UMass Boston Center for Collaborative Leadership

13th Annual Changing the Face of Leadership Luncheon Highlights

June 20, 2014

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John Fish, Keynote Speaker

The University of Massachusetts Boston Center for Collaborative Leadership celebrated the graduation of the 2014 Emerging Leaders fellows on June 20th at the Seaport World Trade Center.  This group of 34 emerging leaders from the corporate, nonprofit and government sectors started the program in September 2013 and had monthly leadership forums through April 2014. In the program, fellows participate in leadership skill sessions facilitated by top experts in the field, dialogue with Boston’s current leaders, and participate in an experiential team project.

Keynote speaker was John F. Fish, chairman and CEO of Suffolk Construction Company. As a successful business leader, Fish lives by the Biblical proverb, “To whom much is given, much is expected,” however, he spoke of how the road to his success was not a walk down easy street. Fish struggled with severe dyslexia throughout his childhood, but it is clear he did not allow this disability to define what he could be.

Today he is transforming the construction industry by investing in people through innovation, stating, “People, innovation, and community; those are our core strategies.” And this strategy is paying off. Recently the Boston Business Journal named Suffolk Construction 2nd in best places to work (just behind mega-innovator Microsoft).

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Ron Bell, Award Recipient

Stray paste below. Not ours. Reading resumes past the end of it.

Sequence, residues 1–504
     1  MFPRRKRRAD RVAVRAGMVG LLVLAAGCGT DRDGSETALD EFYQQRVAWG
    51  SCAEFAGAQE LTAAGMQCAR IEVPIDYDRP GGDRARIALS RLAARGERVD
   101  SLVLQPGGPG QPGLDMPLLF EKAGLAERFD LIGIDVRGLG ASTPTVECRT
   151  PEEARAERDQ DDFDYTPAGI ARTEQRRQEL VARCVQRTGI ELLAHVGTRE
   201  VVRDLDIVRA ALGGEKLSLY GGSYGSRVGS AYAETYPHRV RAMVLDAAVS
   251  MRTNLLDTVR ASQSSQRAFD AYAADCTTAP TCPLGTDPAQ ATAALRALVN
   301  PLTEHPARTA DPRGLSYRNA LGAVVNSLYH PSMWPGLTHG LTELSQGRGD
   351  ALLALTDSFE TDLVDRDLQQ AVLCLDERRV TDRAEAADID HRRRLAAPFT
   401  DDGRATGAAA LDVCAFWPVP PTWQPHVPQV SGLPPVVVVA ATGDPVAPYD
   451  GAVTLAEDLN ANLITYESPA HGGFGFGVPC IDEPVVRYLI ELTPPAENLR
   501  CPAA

At the luncheon, the center also honored community activist Ron Bell, an Emerging Leaders Program alumnus from the class of 2005, with the second annual Leading the Way Award. In accepting the award, Bell started by quoting Frederick Douglass, saying, “We are one, our cause is one, and we must help each other if we are to succeed.”

Saying it again, he let that quote sink in to the collective audience of established leaders, emerging leaders, and everyone in between.

“Today’s problems are so deep and so complex that we can’t have just one leader. It’s going to take many leaders – black, white, Latino, men and women - from different sectors of our community, working together to have an impact,” he said.

That is the collaborative leadership model espoused by the Emerging Leaders Program, and that is the model that Bell will continue to embrace to help make Boston a better city.

Additional speakers included Larry Moulter, Center for Collaborative Leadership executive in residence; J. Keith Motley, University of Massachusetts Boston chancellor; and Nathan E. Pusey of Commerce Bank, the Center for Collaborative Leadership board chair.

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“Working with such a diverse group, all of whom are motivated and want to lead, was extremely powerful. ”
Derrick Mann
MassDOT
ELP Fellow 2010